WASHINGTON -- In the end, it was a surprise that it wasn’t a surprise: Iowa Republicans, most of whom are evangelical Christians, chose an evangelical Christian as their man: Sen. Ted Cruz of Texas.
At the same time, the plain-spoken and sensible voters of the state also plucked a new star out of the crowd: the comparatively moderate and photogenic young senator from Florida, Marco Rubio.
Cruz showed in Iowa that he could take a punch from Donald Trump. And Rubio showed that he could sneak up on the other two with charisma, charm and a sense of optimism.
As a result, Republicans are looking at a three-way race in which two first-term senators in their mid-40s -- representatives of a new generation of conservative Republicans -- are preparing to grind the 69-year-old billionaire between them.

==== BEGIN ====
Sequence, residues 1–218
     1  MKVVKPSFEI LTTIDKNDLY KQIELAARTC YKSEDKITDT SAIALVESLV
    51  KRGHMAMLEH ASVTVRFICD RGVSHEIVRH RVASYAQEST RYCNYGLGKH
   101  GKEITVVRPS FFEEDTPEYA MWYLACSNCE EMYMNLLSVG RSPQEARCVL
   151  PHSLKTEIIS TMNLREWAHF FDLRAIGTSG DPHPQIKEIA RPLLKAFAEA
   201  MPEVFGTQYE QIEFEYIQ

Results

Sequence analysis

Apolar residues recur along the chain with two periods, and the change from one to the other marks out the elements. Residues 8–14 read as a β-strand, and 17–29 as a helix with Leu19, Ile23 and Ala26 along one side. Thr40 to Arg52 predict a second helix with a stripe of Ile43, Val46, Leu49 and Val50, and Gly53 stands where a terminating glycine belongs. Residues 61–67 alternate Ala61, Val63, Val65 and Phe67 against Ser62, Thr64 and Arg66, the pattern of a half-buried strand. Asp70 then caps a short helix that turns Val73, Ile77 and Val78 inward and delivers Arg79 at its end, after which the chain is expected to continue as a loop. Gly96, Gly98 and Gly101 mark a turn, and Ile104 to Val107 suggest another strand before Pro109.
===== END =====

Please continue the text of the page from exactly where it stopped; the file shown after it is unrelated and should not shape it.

Confident of the outcome, Cruz spokesman Rick Tyler told The Huffington Post before the tally that the campaign was in great shape, well funded and well organized for the long haul.
Ironically, Cruz’s Iowa victory was made more impressive by the serious effort that Trump devoted at the end to Iowa.
With his trademark insulting, insinuating style, Trump went after Cruz personally and viciously, calling him a loser, a loner and -- worst of all, apparently, at least to the Donald -- a Canadian.
Trump, a political novice with an evidently poor field organization (a no-no in Iowa), may have hurt himself at the last minute by declining to take part in a debate on Fox News because he didn’t like one of the moderators, Megyn Kelly.
Cruz marshaled the always-crucial evangelical vote in Iowa in a way never seen before, housing volunteers in dormitories and sending out official-looking “notices” to remind evangelicals of their “duty” to vote -- and vote for Cruz.
In that sense, Cruz is the evangelical, hard-core anti-government mirror image of Barack Obama in Iowa eight years ago: a superbly organized, young first-term senator.